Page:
Tobacco | Boltons Health Matters
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NICE's formal guidance on brief interventions and referral for smoking cessation.

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An excel spreadsheet containing adult (18+) smoking prevalence data collected via the Integrated Household Survey at local authority district level. Trend data is provided as well as comparing smoking prevalence rates within the routine and manual group.

This is the Smoking JSNA Indicator Sheet from the Behaviour and Access to Services section. JSNA Indicator Sheets summarise the current position and recent trends for Bolton, comparators to Bolton, and inequalities across population groups and geographical areas of Bolton.


  • Smoking prevalence is higher in Bolton men than Bolton women;
  • From modelled estimates, Bolton's smoking prevalence is lower than is average for the Greater Manchester conurbation;
  • Since 2001 smoking prevalence has been reducing in Bolton for both genders, but the reduction between 2007 and 2010 is less than that between 2001 and 2007;
  • The most deprived and quintile 2 have the highest prevalence;
  • The White Other, White British, and Asian Pakistani ethnic groups have the highest smoking rates locally;
  • Bolton's disabled and LGB groups have very high smoking prevalence's.

 The Medicine for Managers briefings are succinct profiles of particular diseases or conditions compiled by Dr Paul Lambden for They provide a useful overview of the disease, with an explanation of the causes and possible treatments, as well as epidemiological information. This briefing centres on smoking and the associated diseases.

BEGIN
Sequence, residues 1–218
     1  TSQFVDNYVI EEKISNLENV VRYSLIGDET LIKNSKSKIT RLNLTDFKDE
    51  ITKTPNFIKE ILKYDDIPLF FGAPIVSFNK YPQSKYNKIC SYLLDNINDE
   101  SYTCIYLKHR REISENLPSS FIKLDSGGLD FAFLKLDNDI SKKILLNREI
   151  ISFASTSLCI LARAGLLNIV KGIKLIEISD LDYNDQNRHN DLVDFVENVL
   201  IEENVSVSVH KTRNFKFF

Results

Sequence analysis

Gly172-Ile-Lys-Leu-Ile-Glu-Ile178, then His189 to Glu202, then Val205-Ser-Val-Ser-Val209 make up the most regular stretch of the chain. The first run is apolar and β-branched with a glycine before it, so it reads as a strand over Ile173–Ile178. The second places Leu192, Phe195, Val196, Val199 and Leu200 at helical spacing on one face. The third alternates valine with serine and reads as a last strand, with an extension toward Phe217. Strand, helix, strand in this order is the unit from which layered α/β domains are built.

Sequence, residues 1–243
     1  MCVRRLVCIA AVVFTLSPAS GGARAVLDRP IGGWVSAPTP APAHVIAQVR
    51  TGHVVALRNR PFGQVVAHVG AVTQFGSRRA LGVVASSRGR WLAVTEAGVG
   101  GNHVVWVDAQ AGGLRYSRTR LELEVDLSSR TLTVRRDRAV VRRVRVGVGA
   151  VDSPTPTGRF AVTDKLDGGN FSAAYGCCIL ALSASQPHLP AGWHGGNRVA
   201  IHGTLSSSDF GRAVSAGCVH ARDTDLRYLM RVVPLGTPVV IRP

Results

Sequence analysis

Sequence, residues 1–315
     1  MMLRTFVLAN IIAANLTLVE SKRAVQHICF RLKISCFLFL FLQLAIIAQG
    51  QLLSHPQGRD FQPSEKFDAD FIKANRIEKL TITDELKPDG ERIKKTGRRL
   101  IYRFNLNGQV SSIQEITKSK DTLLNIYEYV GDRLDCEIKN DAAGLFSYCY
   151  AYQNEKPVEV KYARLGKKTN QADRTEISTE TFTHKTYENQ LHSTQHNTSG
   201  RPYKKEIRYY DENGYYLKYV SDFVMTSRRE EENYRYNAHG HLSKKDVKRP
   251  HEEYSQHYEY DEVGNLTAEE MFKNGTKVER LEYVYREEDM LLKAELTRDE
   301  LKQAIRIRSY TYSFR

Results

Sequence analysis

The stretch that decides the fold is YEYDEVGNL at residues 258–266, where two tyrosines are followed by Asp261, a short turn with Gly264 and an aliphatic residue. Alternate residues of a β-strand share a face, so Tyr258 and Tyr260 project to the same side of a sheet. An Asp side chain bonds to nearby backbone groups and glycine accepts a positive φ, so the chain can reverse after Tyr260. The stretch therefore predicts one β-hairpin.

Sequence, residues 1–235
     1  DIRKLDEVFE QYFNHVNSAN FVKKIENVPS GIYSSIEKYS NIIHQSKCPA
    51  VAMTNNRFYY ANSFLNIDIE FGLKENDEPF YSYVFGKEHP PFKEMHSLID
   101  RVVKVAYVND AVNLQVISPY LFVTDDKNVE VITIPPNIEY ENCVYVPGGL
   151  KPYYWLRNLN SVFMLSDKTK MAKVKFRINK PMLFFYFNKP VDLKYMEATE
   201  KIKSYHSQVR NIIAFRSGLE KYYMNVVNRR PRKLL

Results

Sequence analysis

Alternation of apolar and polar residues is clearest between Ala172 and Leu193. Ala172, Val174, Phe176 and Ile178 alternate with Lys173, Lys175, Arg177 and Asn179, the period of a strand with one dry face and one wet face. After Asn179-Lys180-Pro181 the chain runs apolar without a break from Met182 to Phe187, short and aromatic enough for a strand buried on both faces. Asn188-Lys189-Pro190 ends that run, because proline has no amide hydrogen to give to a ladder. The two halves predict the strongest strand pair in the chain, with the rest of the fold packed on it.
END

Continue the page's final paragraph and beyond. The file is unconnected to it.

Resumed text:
This research contains key findings about how young people view tobacco use in the entertainment media, and also their views on brand and pack design. Whilst there is a considerable body of academic evidence around each of these issues, it is equally important that we explore these with young people and that we listen to their feedback. At the end of the report you will find Tobacco Free Futures’ response to the research findings.

This brief report provides evidence on the health needs of lesbian, gay and bisexual communities using a variety of sources of information. It also highlights the key indicators, relevant to such population groups, contained within the Public Health and Adult Social care Outcomes Frameworks. Key issues include: smoking; mental health; sexual health; substannce misuse.

This is the latest Tobacco Control Profile for Bolton, produced by the London Health Observatory. The profile brings together a range of tobacco related health indicators for the purposes of benchmarking with regional and national comparators.

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This guidance is for NHS and other commissioners, managers and practitioners who have a direct or indirect role in, and responsibility for, helping women to stop smoking when pregnant and following childbirth. This includes those working in: local authorities,education and the wider public, private, voluntary and community sectors.

It may also be of interest to women who:

  • are planning a pregnancy